At a glance
- Exercise has demonstrable benefits for cardiovascular risk factors of concern in type 2 diabetes mellitus.
- Standard exercise stress testing is recommended before initiating a vigorous fitness program.
- Physical activity should be initiated gradually in previously sedentary individuals.
- Active people are less prone to foot ulceration.
The increasing prevalence of type 2 diabetes mellitus (T2DM) and the threat of an epidemic of its complications have led the American Heart Association to issue a scientific statement on a key but often overlooked element of T2DM management: exercise.
“We want to emphasize that exercise is just as important, if not more important, as giving antihypertensive medication, hypoglycemic medication, or a statin,” says Roger S. Blumenthal, MD, director of the Johns Hopkins Ciccarone Preventive Cardiology Center in Baltimore and an author of the statement.
Regular exercise has been shown to improve glycemic control, presumably through reduced body fat, heightened insulin sensitivity, and enhanced glucose transporter function. Gains in muscle mass and blood flow may also play a role, the guidelines suggest. More generally, exercise has demonstrable benefits for cardiovascular risk factors of concern in T2DM, such as hypertension, hyperlipidemia, and obesity.
The authors advocate the inclusion of exercise in prevention counseling as part of every clinical encounter with T2DM patients and suggest that the primary-care setting is “the logical first location for education” in this area.
The guidelines address exercise training in terms of duration, frequency, and intensity as well as such ancillary concerns as cardiovascular and other risks and adherence. One often misunderstood issue that deserves special attention, Dr. Blumenthal notes, is preparticipation testing.
When and how to test
While major cardiac events during exercise are generally rare, the imposition of screening for occult coronary artery disease may pose a barrier to exercise, particularly in obese and out-of-shape individuals. “The overall balance of benefit in exercise substantially exceeds the risk in unselected subjects,” the guidelines state.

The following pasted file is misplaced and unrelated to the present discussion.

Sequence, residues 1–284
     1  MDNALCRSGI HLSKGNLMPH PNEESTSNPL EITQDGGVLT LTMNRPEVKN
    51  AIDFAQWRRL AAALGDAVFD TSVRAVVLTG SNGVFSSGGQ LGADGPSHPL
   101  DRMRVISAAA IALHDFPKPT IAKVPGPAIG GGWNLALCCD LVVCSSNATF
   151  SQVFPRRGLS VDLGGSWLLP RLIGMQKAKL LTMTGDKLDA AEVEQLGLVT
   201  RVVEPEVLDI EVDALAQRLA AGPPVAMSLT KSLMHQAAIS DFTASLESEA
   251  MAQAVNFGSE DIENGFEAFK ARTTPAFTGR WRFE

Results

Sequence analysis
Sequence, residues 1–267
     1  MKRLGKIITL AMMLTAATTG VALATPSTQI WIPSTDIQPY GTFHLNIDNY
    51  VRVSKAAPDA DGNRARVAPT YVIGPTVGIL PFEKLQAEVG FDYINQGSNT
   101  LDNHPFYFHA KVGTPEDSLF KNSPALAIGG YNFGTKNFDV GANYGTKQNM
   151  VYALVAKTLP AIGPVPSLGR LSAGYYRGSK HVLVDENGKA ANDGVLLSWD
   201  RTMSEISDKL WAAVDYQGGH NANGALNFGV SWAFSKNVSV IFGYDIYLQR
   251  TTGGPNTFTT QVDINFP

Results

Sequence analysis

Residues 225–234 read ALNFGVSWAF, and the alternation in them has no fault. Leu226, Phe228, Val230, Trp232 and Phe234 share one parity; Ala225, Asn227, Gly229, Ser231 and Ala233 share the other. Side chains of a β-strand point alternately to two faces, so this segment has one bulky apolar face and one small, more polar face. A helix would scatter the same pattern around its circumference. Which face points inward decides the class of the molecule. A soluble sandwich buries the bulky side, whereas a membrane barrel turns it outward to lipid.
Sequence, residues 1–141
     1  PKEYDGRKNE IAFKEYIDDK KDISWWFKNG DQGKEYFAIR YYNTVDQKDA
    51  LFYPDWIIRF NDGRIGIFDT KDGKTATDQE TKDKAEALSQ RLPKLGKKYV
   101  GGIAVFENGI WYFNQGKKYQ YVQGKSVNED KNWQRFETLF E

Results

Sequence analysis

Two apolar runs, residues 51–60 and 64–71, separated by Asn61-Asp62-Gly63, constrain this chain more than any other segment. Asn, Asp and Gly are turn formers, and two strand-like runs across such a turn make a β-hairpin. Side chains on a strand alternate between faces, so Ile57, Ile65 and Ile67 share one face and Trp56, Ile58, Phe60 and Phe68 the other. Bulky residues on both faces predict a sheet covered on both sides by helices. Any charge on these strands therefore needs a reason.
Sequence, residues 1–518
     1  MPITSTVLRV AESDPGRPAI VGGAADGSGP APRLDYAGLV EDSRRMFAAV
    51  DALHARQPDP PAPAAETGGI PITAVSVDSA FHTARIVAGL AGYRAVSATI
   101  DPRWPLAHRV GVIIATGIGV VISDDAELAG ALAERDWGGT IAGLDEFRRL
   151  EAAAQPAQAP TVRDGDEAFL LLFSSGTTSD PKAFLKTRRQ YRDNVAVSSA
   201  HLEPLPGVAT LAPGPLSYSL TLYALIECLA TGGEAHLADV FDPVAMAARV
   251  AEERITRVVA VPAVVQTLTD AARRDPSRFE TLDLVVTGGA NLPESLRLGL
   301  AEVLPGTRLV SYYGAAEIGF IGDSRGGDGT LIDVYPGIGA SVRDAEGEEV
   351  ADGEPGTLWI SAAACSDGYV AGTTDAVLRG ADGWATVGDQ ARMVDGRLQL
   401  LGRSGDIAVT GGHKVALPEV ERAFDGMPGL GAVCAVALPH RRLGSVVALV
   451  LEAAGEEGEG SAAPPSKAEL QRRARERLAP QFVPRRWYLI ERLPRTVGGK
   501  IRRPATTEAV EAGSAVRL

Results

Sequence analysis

The presence of T2DM does not change that equation. “Many clinicians, especially in private practice, think that if a patient has diabetes, you have to do stress nuclear testing,” explains Dr. Blumenthal. “There’s no basis for that at all.”
Standard exercise stress testing (with echocardiography, if imaging is indicated) is more broadly useful, and the guidelines recommend this before initiating a vigorous fitness program. When more moderate exercise is planned, testing may be more selective, generally targeting individuals with stable coronary artery disease who have not been tested for two years, those who experience chest discomfort or dyspnea, or those exhibiting an abnormal ECG or clinical or laboratory evidence of peripheral artery disease or cerebrovascular disease.
Treadmill testing is most useful. Results can be used to help design an exercise program. For example, a patient with ischemia at a high workload might be prescribed a protocol that maintains a heart rate at least 10 beats/minute below the ischemic threshold. Stress imaging and pharmacologic stress testing are indicated in specified circumstances.